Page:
1994 Pinanski Prize citation

Presentation of Awards

Charles Fisk

All of our faculty members strive to instill in their students a passion for learning.  Many of them also strive to help students learn about their creative passions and channel them in new and exciting ways.  Charles Fisk, winner of this year’s Pinanski Prize for Excellence in Teaching, has consistently been such a resource both for his students in music theory and piano, as well as for audiences and critics alike.  The critics say that Professor Fisk “gives his audience something to take home and think about.” Another one wrote, “Mr. Fisk has an unusually intelligent musical mind…and an uncommon ability to think and feel at the same time.”

His students reach a remarkably similar conclusion. 

“He has redefined the…title ‘professor’ into a more personal, encompassing one.  I know that he is one of the few teachers in my life that I will not forget with the subject matter, “ one writes.  Guiding his students to a more intellectual yet, at the same time, more intensely personal relationship with their music, is his rare and special talent.  “He has never failed to impress upon me,” this student goes on to say, “that music is about truly caring about how the notes you produce sound.  I think I’ve always distanced myself from my music.  It is not enough to understand how certain wavelengths of sound blend together, or to “feel” something inside of you.  I’ve learned that it is the expression of it that it most important – to know how you, yourself, want it to sound, and to know how to play so you can express that.”

Sally Engle Merry

What stands out in students’ comments about Sally Engle Merry is the joy and wholeness she communicates through her teaching, mingled with sadness that they could not have spent more years, or studied longer with her.  “I am currently taking my fourth and unfortunately final course with her, “ one student wrote.  “Professor Merry is a thought-provoker,” she said.  “You cannot go through a class with her without constantly re-evaluating and re-assessing yourself and what you are learning.”

Discussions that are begun in Sally Merry’s classes, they say, never end when class is over. “Students leave her classes enthusiastic about the material and discussions,” said another.  “Countless times after class, friends and I would find ourselves discussing our seminar and realizing that we had all gleaned a slightly different meaning from the day’s discussion because we had all been encouraged to asses the material from our own perspectives.”

While the study of mediation and conflict resolution is  the external hallmark of her academic career, Sally Merry has been a powerful mediator in the lives of her students as well.  One wrote of how she helped focus the theme of a paper.  “As I answered her questions, she discussed my answers with me until I was able to articulate on my own a direction and theses for the paper.  I left her office truly feeling that she had guided me but that I had drawn my own conclusions.”

“I will leave Wellesley at the end of May having had the privilege of receiving instructions from one of the finest facilitators and human beings I have come to know,” another student wrote.  While still another, in a true testimony to the connectedness with community that Sally Merry models, observed “I have truly profited from her active role in my Wellesley life, proving the Professor Merry’s own years at Wellesley, as a student in the 1960’s were the beginning of an education that is evolving, and not close to its end.”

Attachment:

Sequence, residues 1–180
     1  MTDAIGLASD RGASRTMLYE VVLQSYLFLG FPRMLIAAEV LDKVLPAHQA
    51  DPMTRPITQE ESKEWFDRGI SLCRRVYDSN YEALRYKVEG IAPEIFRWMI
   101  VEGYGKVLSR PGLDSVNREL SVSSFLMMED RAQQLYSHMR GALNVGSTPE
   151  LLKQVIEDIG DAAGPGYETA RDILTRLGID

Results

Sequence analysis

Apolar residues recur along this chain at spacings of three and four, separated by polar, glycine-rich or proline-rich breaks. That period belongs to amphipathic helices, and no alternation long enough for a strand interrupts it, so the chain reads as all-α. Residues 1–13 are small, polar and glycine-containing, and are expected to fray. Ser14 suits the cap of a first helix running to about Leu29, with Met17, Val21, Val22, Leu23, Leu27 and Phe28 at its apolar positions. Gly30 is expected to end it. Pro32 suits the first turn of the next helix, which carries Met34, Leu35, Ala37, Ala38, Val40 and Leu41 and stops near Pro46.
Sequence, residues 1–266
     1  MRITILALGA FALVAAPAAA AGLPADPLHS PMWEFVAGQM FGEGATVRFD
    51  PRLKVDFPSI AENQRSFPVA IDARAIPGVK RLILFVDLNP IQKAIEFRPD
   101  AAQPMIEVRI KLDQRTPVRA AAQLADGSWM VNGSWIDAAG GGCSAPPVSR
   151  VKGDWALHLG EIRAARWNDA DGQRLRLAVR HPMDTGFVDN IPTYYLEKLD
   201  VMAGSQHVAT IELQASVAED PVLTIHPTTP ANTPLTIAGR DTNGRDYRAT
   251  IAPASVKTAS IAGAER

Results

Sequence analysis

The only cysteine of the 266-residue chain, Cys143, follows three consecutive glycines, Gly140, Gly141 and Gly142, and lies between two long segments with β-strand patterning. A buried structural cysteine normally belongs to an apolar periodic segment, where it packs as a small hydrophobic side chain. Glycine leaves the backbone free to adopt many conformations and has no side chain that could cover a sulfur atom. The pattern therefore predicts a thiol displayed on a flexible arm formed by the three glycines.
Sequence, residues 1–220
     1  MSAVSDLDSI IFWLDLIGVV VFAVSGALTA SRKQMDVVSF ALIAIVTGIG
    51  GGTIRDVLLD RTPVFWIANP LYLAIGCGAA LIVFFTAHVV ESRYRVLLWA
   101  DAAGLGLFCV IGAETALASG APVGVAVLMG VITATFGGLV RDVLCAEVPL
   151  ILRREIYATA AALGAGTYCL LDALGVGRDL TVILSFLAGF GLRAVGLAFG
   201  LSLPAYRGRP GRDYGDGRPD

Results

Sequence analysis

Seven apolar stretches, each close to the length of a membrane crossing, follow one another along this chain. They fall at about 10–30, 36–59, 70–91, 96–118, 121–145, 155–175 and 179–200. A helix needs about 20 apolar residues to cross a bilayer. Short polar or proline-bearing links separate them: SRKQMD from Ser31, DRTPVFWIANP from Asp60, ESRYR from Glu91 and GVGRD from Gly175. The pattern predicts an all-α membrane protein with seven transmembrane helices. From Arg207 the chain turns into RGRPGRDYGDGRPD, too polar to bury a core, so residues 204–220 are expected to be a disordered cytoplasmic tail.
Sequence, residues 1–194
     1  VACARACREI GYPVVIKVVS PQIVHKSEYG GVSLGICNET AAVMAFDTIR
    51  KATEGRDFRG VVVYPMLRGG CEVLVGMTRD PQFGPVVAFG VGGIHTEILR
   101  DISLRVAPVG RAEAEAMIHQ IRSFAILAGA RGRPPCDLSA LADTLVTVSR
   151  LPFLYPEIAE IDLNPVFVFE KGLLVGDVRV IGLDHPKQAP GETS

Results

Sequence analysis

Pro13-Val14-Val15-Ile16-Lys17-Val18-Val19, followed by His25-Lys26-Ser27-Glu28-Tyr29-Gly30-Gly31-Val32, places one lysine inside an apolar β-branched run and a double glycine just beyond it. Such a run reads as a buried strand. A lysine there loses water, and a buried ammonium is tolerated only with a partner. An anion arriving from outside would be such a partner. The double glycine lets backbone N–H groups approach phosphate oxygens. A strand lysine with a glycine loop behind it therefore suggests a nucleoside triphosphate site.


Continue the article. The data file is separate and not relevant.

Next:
“I have taken every course she has offered,” another wrote, “ and only wish there were more to take.  From her teaching and guidance, I will leave Wellesley with an open mind…and the enhanced ability to participate in the diverse world around me.”

Patrick Morton

For some of us, there would appear to be a vast gap between Diophantine (DYE-A-FAN-TEEN) equations and birthday cakes.  But they are one and the same to Patrick Morton, Associate Professor of Mathematics and one of this year’s winners for the Pinanski Prize for Excellence in Teaching.  “All of his students appreciate the friend that he is to us as well as the educator,” one student wrote.  “Just last week, a whole class got together and baked a cake for his birthday."  "Professor Morton," she went on to say, “does not merely lecture to his students…he guides them towards their own observation and discovery.”

Another student said that while she had originally taken his Math 100 course just to “fulfill one of those ‘pesky requirements,’” she has, because of his teaching, “developed an interest for Calculus due to [his] ability to weave mathematical ideas and formulas into the fabric of everyday life – no small feat!”  After taking Math 100, she now finds herself, as she says, “veering off onto a path that is leading me toward a science degree.”

Others have described Patrick Morton as “conspicuously effective,” or “incredibly supportive.”  He “teaches so well," they say, “that students keep taking his classes simply because he teaches them.”

All his students agree that his style of teaching fosters participation and cooperation by the entire class.  “When problems and proofs were handed back, he would ask if anyone had any  questions on the parts they got wrong.   A student would say ‘yes, could someone do #4?” And another student would go up to the board and show what she had done to get the problem right.  From the standpoint of theories on learning,” this student wrote, “it is not surprising that this worked so well, as it is well known that the more ways you learn something, the better you will learn it.”